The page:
I had the good pleasure of attending Cavalia’s Odysseo in Atlanta yesterday evening and the performance was riveting! Our tickets came with a tour of the stables and an opportunity to ask questions of the show’s Equestrian Director, Benjamin Aillaud, and my thoughts this morning center around an answer he gave to a member of the audience who asked about their training regimen.
M. Aillaud spoke about the training for the riders and acrobats, but it was the training for the show’s 35 stallions and 36 geldings that most piqued my interest. The training apparently took 1-3 years, depending on the horse, the greatest challenge being not teaching the tricks and sequences, but in maintaining their interest in performing. He mentioned – and here is what fascinated me – that 1/10 of their training time is spent practicing the routines and learning new cues and 9/10 of the time is spent on developing and refining the horses’ attitudes…a ratio that is I imagine required when working with 35 stallions in such close quarters.
I couldn’t help but draw parallels to an area in which I spend much of my time and energy: management. As a manager I find that most of my time is invested in fostering an environment that is conducive to the encouragement of positive, stable, nurturing and inspiring attitudes in those with whom I have the privilege of working. I’ve come to realize over the years that when you and those with you have the right attitude, anything can be accomplished. Moreover, accomplishment can be equated with fun…a rare relationship in this day and age.
When you surround yourself with high performers, with people who have dedicated themselves to excellence, there tends to be a lot of creative and kinetic energy floating around the office. That energy can spiral out of control very quickly, so it is important (as I imagine it is with the stallions at Cavalia) to manage it wisely. How to manage it is as much an art as a science. Here are a few approaches you might want to consider if your find yourself in the situation of managing a team full of star performers:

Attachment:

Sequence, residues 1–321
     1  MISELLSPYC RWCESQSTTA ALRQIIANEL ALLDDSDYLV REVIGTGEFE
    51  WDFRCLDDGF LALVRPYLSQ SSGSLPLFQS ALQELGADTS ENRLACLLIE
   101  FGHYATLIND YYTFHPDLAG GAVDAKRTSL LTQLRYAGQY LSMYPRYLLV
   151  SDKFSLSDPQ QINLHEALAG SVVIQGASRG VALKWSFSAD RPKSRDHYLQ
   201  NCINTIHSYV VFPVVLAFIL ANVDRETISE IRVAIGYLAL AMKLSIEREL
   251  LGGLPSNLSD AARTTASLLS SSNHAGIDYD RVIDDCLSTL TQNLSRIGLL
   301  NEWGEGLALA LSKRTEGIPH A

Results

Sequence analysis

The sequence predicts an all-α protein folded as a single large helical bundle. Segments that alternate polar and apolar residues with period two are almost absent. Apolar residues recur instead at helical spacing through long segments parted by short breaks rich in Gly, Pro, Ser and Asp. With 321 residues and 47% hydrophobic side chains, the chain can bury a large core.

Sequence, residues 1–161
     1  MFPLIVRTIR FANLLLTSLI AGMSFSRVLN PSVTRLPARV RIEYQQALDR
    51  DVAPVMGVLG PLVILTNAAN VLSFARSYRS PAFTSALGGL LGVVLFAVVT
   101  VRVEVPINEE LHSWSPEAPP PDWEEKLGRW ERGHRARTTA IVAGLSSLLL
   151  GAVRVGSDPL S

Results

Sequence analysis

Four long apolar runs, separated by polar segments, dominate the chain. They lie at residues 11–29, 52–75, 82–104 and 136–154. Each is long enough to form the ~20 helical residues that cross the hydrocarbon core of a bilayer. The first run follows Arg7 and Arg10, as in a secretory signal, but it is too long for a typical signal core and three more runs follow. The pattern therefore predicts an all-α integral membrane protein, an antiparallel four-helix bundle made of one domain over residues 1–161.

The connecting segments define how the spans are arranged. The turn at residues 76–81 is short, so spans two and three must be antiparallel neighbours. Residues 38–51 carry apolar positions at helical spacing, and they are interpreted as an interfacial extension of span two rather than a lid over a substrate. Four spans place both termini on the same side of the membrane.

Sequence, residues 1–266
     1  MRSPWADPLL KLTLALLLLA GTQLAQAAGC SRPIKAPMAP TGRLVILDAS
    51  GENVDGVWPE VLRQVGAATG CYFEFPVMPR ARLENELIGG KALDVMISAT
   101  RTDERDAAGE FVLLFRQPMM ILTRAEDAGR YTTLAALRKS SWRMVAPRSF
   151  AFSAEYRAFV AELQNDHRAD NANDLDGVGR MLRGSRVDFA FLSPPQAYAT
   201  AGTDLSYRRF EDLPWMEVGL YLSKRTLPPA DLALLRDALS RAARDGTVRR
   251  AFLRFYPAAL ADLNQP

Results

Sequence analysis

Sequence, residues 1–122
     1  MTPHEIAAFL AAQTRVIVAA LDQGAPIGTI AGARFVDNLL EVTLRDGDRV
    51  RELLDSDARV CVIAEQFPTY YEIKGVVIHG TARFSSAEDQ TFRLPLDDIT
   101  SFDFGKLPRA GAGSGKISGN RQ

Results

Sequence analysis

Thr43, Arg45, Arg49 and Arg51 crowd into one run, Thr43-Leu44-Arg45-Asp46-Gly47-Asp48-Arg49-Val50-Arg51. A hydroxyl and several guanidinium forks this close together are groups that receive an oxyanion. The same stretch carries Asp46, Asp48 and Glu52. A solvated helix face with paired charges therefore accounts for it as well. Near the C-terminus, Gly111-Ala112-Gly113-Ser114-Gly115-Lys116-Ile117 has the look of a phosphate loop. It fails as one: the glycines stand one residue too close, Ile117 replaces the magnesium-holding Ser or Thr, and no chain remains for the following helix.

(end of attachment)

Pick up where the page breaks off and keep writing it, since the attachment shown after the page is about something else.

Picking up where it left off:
- To keep them interested, you must provide them with work that challenges them. Boredom is the root of many ills in both horses and people. This is especially true of high output, high energy people.
- How you handle the busy times is just as important as watching the low energy, potentially boring times. High energy people are particularly good at riding the waves of energy that move through an organization, but you have to be careful not to let the energy spin them out of control. They can do a lot of damage in a hurry.
- Look to balance the high energy people in your organization with the “steady-Eddies.” Both are essential to maintaining balance (did you notice the ratio of stallions and geldings?) and to creating noteworthy performances.
- Involve your high performers in the training and mentoring of others in the organization. This is one of the keys to overcoming the gravity of mediocrity and the siren’s call of entropy in organizational development.
If you get a chance to see the show, I would highly recommend it. In the meantime, if you would like to hear more about how we are working as a group of companies to create a spectacular working environment, feel free to stop by for a visit some time!